WASHINGTON, DC (NEXSTAR) — Attorney General William Barr said the U.S. Justice Department is watching governors’ coronavirus stay-at-home orders and will intervene if they become “too restrictive.”
Barr has directed federal prosecutors to monitor states for rules that may violate citizens’ constitutional rights.
About half the states in the country remain largely shut down. In a Q and A session on Twitter Friday, Barr voiced the Trump administration’s impatience.
“It’s time to start rolling back some of these restrictions in an orderly and sensible way,” he said. “We are on the lookout for restrictions that are too widespread, too generalized.”
Sen. John Kennedy, R-LA, said he applauds Barr’s threat.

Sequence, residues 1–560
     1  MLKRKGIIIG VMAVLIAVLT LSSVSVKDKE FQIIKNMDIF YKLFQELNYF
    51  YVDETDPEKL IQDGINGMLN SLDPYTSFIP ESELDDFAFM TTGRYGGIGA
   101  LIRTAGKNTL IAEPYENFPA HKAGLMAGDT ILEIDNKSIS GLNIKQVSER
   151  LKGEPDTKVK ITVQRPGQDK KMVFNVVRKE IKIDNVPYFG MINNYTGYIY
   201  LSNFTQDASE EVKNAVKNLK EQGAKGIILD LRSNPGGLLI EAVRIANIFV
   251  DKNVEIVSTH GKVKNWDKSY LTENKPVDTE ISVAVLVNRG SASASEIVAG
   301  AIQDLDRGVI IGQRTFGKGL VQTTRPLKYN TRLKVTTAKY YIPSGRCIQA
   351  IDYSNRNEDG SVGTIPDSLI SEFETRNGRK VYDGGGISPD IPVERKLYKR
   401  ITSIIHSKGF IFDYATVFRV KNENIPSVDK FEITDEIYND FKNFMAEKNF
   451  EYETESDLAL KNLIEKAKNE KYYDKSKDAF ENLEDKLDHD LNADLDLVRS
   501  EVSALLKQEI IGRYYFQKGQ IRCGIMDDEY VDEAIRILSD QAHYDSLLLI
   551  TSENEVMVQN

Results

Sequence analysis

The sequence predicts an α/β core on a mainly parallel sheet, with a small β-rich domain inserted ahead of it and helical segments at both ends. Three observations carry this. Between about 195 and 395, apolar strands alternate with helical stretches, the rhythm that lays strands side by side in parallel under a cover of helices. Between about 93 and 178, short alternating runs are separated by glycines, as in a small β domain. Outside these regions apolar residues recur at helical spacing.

“I know that common sense is illegal in Washington, DC, but it’s apparently illegal also in some state capitals,” Kennedy said.
Kennedy had one state in mind: Michigan. Gov. Gretchen Whitmer’s initial stay-at-home order, one of the strictest in the country, prohibited activities like motorized boating but allowed row boating, and shut down garden centers in big-box retailers.
“Huh? I mean, what planet did she just parachute in from? That’s three gallons of crazy,” Kennedy said.
This week, Whitmer lifted those restrictions but extended the overall stay-at-home order until May 15.
“Most Michiganders are doing their part by staying home and staying safe,” Whitmer said during the announcement. “It’s good, but we must keep it up.”
While Kennedy is eager to reopen his state now, Louisiana’s governor extended his stay at home order another two weeks.
Other members of Congress have advised their governors to take a gradual approach.
“Healthy people create healthy economies,” said Rep. Terri Sewell, D-AL. “We have to have both.”
Sewell’s home state of Alabama started to reopen its economy Friday with a two-week transitional period.
“Taking into account the size and the nature of the business, as well as its exposure to the public,” Sewell said.